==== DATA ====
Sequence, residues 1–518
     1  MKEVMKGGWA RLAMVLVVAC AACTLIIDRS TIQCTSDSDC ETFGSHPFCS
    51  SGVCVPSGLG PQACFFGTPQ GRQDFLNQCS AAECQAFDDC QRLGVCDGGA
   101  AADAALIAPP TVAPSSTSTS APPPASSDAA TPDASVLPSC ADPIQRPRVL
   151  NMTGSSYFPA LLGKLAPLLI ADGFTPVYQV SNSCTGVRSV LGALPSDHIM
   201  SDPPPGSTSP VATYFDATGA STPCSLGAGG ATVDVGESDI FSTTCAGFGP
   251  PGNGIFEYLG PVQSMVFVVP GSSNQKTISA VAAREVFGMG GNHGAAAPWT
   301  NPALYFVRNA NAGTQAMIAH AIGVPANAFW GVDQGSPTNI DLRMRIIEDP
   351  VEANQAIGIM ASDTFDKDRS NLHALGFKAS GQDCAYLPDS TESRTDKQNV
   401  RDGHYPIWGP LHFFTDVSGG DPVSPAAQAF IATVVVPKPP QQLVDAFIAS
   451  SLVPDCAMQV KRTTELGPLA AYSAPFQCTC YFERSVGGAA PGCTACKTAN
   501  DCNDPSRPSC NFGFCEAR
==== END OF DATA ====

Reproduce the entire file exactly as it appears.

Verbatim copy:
Sequence, residues 1–518
     1  MKEVMKGGWA RLAMVLVVAC AACTLIIDRS TIQCTSDSDC ETFGSHPFCS
    51  SGVCVPSGLG PQACFFGTPQ GRQDFLNQCS AAECQAFDDC QRLGVCDGGA
   101  AADAALIAPP TVAPSSTSTS APPPASSDAA TPDASVLPSC ADPIQRPRVL
   151  NMTGSSYFPA LLGKLAPLLI ADGFTPVYQV SNSCTGVRSV LGALPSDHIM
   201  SDPPPGSTSP VATYFDATGA STPCSLGAGG ATVDVGESDI FSTTCAGFGP
   251  PGNGIFEYLG PVQSMVFVVP GSSNQKTISA VAAREVFGMG GNHGAAAPWT
   301  NPALYFVRNA NAGTQAMIAH AIGVPANAFW GVDQGSPTNI DLRMRIIEDP
   351  VEANQAIGIM ASDTFDKDRS NLHALGFKAS GQDCAYLPDS TESRTDKQNV
   401  RDGHYPIWGP LHFFTDVSGG DPVSPAAQAF IATVVVPKPP QQLVDAFIAS
   451  SLVPDCAMQV KRTTELGPLA AYSAPFQCTC YFERSVGGAA PGCTACKTAN
   501  DCNDPSRPSC NFGFCEAR